Frequently asked questions about greyhound racing

1. I have never seen any cruelty at the track. Are you sure it happens?

Visitors to the track are unlikely to see abuse and cruelty unless they look very closely.  Most welfare issues happen away from the track.  Greyhounds can be discarded when they are young if they don’t show an aptitude for racing and many are discarded at the end of their racing lives once they start to slow down.  Others are put to sleep for minor injuries that owners deem to be too expensive to fix. 

2. But the dogs love to race, don’t they?

Greyhounds love to run on their own terms but are forced to race.  Footage on betting websites shows many dogs being  forced into the traps at the beginning of races and they can be injured when they are forced in. 

They are also forced to run in all weathers. The Swindon track boasts that it provides racing 52 weeks a year.  In the hot weather, most dog owners are advised not to walk their dogs but dogs are still raced in the heat.  In cold weather, the risk of injuries increases.

3. Won’t greyhounds die out as a breed if they aren’t bred for racing?

No.  The greyhound breed has been around for thousands of years and have only been raced since 1926 when the first track opened at Belle Vue in Manchester.

Greyhounds are the oldest purebred dog, dating to the time of the Pharaohs. The first records of greyhound type dogs appear about 8,000 years ago. In ancient Egypt, greyhounds were revered as gods, and only royalty were allowed to own them. They are the only breed of dog mentioned in the Bible.

They are gentle, loving dogs and people would still want them as pets even if they weren’t raced.

4. Dogs can get injured running around a field. Surely racing them is no more dangerous?

There is a difference between a greyhound choosing when it wants to run and injuring itself and running around an oval track with other dogs at speed which greatly increases their chances of injury. They are also forced to run repeatedly to meet the demand of the Bookmakers Afternoon Greyhound Service (BAGS) which increases their risk of injury, as does racing in very hot or cold weather.

The Great British Greyhound Board (GBGB) was forced by a House of Commons select committee in 2016 to publish injury and death statistics. The latest statistics from 2018 showed that nearly 5,000 greyhounds suffered injuries as a result of racing and over 900 died as a result. 242 dogs died at the track during or after a race[1]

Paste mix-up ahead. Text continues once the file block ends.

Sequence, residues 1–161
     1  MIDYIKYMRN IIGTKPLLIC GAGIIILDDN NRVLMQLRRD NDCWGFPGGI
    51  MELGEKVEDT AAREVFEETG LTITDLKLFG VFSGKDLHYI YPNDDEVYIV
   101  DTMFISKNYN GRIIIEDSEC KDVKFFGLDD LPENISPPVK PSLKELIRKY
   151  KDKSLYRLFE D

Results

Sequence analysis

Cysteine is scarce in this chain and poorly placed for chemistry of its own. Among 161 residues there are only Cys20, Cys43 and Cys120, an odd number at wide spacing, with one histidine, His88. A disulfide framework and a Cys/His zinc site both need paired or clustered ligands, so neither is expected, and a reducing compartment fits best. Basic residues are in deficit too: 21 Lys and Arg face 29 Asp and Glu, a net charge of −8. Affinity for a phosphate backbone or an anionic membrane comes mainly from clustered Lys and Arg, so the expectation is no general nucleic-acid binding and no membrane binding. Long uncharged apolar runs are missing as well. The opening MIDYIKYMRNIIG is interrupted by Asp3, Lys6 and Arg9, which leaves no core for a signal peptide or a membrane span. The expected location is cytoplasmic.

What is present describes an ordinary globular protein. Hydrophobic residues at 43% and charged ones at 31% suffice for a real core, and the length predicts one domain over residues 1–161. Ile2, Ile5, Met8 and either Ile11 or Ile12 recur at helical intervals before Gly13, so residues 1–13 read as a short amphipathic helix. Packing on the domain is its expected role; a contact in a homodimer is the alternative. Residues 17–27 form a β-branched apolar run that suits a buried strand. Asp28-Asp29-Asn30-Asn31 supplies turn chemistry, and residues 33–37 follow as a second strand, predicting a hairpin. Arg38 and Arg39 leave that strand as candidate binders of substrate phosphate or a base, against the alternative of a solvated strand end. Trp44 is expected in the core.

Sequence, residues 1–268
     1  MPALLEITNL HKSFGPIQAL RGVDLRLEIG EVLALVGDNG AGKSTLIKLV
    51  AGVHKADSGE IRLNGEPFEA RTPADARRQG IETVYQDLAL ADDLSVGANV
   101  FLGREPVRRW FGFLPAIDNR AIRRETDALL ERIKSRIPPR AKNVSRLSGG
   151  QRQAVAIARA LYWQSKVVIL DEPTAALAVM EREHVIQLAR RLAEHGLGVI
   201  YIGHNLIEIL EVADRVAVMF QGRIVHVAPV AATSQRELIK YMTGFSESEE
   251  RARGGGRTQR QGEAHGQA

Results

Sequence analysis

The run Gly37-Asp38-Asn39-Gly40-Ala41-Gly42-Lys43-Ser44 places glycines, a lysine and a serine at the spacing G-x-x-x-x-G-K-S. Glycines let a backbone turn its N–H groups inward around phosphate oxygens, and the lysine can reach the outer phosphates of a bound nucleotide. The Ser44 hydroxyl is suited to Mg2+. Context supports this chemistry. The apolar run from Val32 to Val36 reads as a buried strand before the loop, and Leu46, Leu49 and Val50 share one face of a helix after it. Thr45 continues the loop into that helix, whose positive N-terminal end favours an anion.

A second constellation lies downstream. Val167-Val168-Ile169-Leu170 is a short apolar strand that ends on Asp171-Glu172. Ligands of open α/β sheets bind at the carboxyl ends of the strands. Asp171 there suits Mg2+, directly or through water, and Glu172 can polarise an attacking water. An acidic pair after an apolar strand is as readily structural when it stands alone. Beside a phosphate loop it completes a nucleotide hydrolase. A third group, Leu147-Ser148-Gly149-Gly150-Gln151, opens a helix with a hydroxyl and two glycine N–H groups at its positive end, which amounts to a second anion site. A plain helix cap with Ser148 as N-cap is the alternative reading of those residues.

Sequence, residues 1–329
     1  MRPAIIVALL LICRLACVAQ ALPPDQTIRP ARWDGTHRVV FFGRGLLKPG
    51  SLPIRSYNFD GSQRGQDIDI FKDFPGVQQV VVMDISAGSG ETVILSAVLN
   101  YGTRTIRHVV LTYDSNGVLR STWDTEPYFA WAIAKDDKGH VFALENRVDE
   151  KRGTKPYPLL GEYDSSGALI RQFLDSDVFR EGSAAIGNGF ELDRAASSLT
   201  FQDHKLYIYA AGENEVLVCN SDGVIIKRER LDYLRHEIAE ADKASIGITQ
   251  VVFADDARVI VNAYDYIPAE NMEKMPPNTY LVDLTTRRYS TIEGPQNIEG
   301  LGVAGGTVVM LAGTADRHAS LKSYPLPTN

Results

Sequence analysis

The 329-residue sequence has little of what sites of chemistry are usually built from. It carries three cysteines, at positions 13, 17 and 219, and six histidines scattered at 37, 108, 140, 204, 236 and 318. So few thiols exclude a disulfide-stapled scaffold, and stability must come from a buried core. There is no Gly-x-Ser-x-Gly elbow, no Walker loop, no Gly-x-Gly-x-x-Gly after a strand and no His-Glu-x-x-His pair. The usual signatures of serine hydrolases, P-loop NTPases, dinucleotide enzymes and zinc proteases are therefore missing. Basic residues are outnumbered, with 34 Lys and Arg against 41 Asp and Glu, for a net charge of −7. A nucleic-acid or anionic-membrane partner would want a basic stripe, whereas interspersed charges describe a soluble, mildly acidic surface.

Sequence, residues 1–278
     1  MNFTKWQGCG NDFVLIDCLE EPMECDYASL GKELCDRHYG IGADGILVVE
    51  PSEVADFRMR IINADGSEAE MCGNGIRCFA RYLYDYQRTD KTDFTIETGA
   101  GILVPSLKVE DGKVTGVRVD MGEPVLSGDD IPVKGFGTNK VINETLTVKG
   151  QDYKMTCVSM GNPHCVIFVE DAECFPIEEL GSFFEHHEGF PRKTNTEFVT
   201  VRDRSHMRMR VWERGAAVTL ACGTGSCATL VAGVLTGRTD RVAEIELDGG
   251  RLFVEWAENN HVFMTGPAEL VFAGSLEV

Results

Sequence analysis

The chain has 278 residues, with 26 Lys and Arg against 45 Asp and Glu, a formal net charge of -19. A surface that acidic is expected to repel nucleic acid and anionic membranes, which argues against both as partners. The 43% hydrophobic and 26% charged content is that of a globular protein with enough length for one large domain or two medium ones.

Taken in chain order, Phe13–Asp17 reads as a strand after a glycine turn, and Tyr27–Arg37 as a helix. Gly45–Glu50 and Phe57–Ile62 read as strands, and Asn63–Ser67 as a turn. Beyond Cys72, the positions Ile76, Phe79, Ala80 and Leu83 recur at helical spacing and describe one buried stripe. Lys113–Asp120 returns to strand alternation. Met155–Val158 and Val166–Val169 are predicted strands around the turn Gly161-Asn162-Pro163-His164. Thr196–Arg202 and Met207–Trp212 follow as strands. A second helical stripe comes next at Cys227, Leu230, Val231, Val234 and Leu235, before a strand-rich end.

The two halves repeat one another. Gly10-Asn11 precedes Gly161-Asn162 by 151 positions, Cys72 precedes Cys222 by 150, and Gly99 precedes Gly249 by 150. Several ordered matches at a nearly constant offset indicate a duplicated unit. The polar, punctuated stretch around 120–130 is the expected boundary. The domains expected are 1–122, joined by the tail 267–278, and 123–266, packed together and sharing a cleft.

The industry knows to expect fatalities because the GBGB rules of racing specify that every track has to have a freezer to store the bodies of dead dogs[2].

It is legal to euthanise a greyhound on economic grounds. A study carried out by the University of Liverpool found that the average age of greyhounds put down by the industry was only three years old[3]

At the Swindon track, between January and September 2019, 20 dogs have hit the rails, 27 dogs didn’t finish the race, 55 dogs fell (and at 35mph the falls can cause serious injury) and 600 bumped into other dogs (which, again, at 35mph, can cause serious injury).

5. Don’t they all get rehomed to loving homes when they’ve finished racing?

The betting industry is subject to a voluntary levy to pay for the care of unwanted greyhounds but it is only 0.6% of their turnover and some choose not to pay at all (for example: Betfair). The lucky ones are rehomed, mainly through rescue charities which have to fundraise for their care.

In 2006, The Sunday Times did an undercover story on David Smith[4], a builder’s merchant, who, for the previous 15 years had been killing healthy greyhounds no longer considered by their trainers to be fast enough to race.  It was estimated that he had killed around 10,000 dogs in this time.  The Sunday Times covertly filmed him taking greyhounds from trainers before killing them with a bolt gun, dumping them in a plot by his house and covering over the “graves” using a mechanical digger.

Some greyhounds have been discarded with their ears cut off to hide their tattoos which can trace them back to their owners[5].  Greyhounds from the UK and Ireland are now being found in China, having been sent there for breeding[6].  Once they are no longer used for breeding, they are sent on to the dog meat trade.